Whether your lease is running out, you’re about to move to NYC for the first time, or you just need a change, moving to a new neighborhood is always exciting (if a bit overwhelming, given the number of different NYC neighborhoods).
They also seem to have monthly mood swings, according to Thrillist, as their vibe and feel can randomly change within a few weeks as shops open and close.
That’s why we created our Neighborhood Guides to give you an overview of NYC’s neighborhoods. But if you’d just like to get a crash course on NYC’s different areas, check out our breakdown below.
Before there’s an outcry (because I’ve basically just blended 20 different neighborhoods into one), there is a reason that I said “Downtown Manhattan.” The uptown versus downtown battle is a great topic to debate at a bar, during lunch hour, or at parties. Writer Marilyn La Jeunesse fiercely defends her downtown turf, “the heart and soul of New York City lies beneath 14th Street.”
What it’s all about: Downtown Manhattan has a reputation for being lively and full of bars, restaurants, trendy new hot spots, and clubs. The student-friendly Union Square area, artsy TriBeCa, and the bar-heavy East Village area all have that in common. They do differ from each other (especially in price!) but let’s not make this too complicated.
Prices: TriBeCa is on the higher end of the spectrum when it comes to prices, while Alphabet City in the East Village serves the lower budgets.
Defined as the area above 59th Street, Uptown Manhattan stretches all the way up to Inwood. While a number of neighborhoods fall within this area, Uptown Manhattan does have a collective character. It’s reserved for more laidback people, as the farther you go uptown the calmer and more spacious it gets.
What it’s all about: Uptown Manhattan, with Central Park smack in the middle, is a recreational dream in an urban setting. Even though the Upper East Side and Upper West Side differ greatly, Upper Manhattan does have some common characteristics when compared to its downtown counterpart. The Museum Mile with its world-renowned museums, the high-end stretch of Fifth Avenue, and the adorable townhouse-studded streets in Harlem are just a few highlights. Bluntly put, uptown locals would be stressed out by downtown’s liveliness, while downtown residents could describe uptown as a bore.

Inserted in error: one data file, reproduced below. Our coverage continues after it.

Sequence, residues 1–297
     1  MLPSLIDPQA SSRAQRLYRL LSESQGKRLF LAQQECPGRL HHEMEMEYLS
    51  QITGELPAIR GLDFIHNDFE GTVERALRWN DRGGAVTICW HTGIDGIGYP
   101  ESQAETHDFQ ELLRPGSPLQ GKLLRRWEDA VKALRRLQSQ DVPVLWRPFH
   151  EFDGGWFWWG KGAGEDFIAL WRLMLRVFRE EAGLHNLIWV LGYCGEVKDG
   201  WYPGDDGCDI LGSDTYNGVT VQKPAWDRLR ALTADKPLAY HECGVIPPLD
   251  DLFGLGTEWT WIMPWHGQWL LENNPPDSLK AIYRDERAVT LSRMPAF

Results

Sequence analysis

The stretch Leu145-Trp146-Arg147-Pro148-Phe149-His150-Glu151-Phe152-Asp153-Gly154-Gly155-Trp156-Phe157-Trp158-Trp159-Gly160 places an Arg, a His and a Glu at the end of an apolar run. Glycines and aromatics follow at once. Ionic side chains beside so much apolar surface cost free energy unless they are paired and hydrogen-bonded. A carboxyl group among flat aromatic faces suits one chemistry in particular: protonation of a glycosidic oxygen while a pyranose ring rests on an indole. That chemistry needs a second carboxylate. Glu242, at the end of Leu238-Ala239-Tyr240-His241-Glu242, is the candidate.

Prices: The higher you go the more prices fall as proximity to midtown and downtown action comes at a cost. Check out Inwood for seriously affordable living, or reside at Columbus Circle for a more upscale experience.
Contrary to popular belief, not everybody wants to live in Manhattan. In fact, there are neighborhoods in Brooklyn that are every Manhattanite’s dream, like DUMBO or Brooklyn Heights. Their extreme proximity to downtown Manhattan, the Brooklyn Bridge, and the East River have made their popularity skyrocket.
What it’s all about: While attracting a lot of tourists, the area surrounding the Brooklyn Bridge is still a hot destination for New Yorkers as well. To get an amazing view of the Brooklyn Bridge from above, visit the One Hotel Rooftop, located just off Brooklyn Bridge Park.
Prices: DUMBO is definitely on the more expensive side, while prices in Brooklyn Heights have actually gone down from last year, according to Urban Digs.
Hot and Coming Brooklyn
As mentioned above, NYC’s hottest neighborhoods seem to change by the month, and Brooklyn is the perfect example. An area that is affordable and slightly unpopular can become a hot spot the masses flock to within a few weeks. Think the evolution of areas like Williamsburg, Bushwick, or Prospect Park.
What it’s all about: Come here for amazing street art, the famous Smorgasburg Market (taking place in Williamsburg on Saturdays and in Prospect Park on Sundays), and trendy bars and cafes. Stay here for still relatively low prices and a relaxed, open-minded vibe.
Prices: Bushwick serves the budget-conscious, while Williamsburg has experienced a rise in prices.
Kings and Queens of Queens
Astoria, Sunnyside, and Flushing are all gaining more and more attention from Manhattanites looking for a more affordable and calmer alternative. In particular, Flushing could be a good neighborhood to invest in, as prices have been skyrocketing this year thanks to new development, according to the New York Post. Find out how to spot an up-and-coming neighborhood here.
To have fun like a tourist in Queens, check out this local travel guide, that will make you forget all about Manhattan.
Prices: Kew Gardens is a good place to rent or buy for lower budgets, while Jackson Heights’ prices are more and more on the rise.